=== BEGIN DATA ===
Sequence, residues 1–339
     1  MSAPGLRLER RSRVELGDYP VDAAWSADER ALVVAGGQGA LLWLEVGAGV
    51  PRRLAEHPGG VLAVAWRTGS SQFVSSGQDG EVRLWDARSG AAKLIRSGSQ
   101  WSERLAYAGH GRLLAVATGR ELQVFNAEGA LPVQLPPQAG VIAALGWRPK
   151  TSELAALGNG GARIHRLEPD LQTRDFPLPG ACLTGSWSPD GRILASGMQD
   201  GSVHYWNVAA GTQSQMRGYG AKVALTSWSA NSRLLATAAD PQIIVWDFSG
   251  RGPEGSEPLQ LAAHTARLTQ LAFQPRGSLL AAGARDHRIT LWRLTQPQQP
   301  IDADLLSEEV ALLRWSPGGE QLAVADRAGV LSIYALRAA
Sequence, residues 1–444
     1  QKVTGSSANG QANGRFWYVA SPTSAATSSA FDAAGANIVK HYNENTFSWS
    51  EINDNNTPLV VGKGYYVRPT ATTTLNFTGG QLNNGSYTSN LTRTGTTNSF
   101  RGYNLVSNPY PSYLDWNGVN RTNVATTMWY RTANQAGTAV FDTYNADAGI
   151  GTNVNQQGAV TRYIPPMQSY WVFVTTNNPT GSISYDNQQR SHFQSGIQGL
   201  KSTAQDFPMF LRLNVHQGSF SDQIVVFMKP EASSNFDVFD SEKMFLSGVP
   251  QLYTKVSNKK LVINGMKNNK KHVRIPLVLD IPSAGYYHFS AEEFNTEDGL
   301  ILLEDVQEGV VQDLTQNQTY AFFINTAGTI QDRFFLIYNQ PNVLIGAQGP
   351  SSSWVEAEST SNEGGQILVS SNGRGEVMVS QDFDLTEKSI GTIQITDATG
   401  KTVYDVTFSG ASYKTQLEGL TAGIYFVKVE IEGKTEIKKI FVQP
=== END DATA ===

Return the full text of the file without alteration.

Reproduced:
Sequence, residues 1–339
     1  MSAPGLRLER RSRVELGDYP VDAAWSADER ALVVAGGQGA LLWLEVGAGV
    51  PRRLAEHPGG VLAVAWRTGS SQFVSSGQDG EVRLWDARSG AAKLIRSGSQ
   101  WSERLAYAGH GRLLAVATGR ELQVFNAEGA LPVQLPPQAG VIAALGWRPK
   151  TSELAALGNG GARIHRLEPD LQTRDFPLPG ACLTGSWSPD GRILASGMQD
   201  GSVHYWNVAA GTQSQMRGYG AKVALTSWSA NSRLLATAAD PQIIVWDFSG
   251  RGPEGSEPLQ LAAHTARLTQ LAFQPRGSLL AAGARDHRIT LWRLTQPQQP
   301  IDADLLSEEV ALLRWSPGGE QLAVADRAGV LSIYALRAA
Sequence, residues 1–444
     1  QKVTGSSANG QANGRFWYVA SPTSAATSSA FDAAGANIVK HYNENTFSWS
    51  EINDNNTPLV VGKGYYVRPT ATTTLNFTGG QLNNGSYTSN LTRTGTTNSF
   101  RGYNLVSNPY PSYLDWNGVN RTNVATTMWY RTANQAGTAV FDTYNADAGI
   151  GTNVNQQGAV TRYIPPMQSY WVFVTTNNPT GSISYDNQQR SHFQSGIQGL
   201  KSTAQDFPMF LRLNVHQGSF SDQIVVFMKP EASSNFDVFD SEKMFLSGVP
   251  QLYTKVSNKK LVINGMKNNK KHVRIPLVLD IPSAGYYHFS AEEFNTEDGL
   301  ILLEDVQEGV VQDLTQNQTY AFFINTAGTI QDRFFLIYNQ PNVLIGAQGP
   351  SSSWVEAEST SNEGGQILVS SNGRGEVMVS QDFDLTEKSI GTIQITDATG
   401  KTVYDVTFSG ASYKTQLEGL TAGIYFVKVE IEGKTEIKKI FVQP